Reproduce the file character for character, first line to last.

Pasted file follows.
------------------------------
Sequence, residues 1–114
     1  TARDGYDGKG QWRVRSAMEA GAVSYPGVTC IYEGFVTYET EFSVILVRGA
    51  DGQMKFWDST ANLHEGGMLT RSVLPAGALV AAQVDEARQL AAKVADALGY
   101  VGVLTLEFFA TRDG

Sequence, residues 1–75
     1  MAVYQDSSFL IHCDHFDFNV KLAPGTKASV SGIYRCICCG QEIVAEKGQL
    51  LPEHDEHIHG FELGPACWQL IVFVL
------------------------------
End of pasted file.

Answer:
Sequence, residues 1–114
     1  TARDGYDGKG QWRVRSAMEA GAVSYPGVTC IYEGFVTYET EFSVILVRGA
    51  DGQMKFWDST ANLHEGGMLT RSVLPAGALV AAQVDEARQL AAKVADALGY
   101  VGVLTLEFFA TRDG

Sequence, residues 1–75
     1  MAVYQDSSFL IHCDHFDFNV KLAPGTKASV SGIYRCICCG QEIVAEKGQL
    51  LPEHDEHIHG FELGPACWQL IVFVL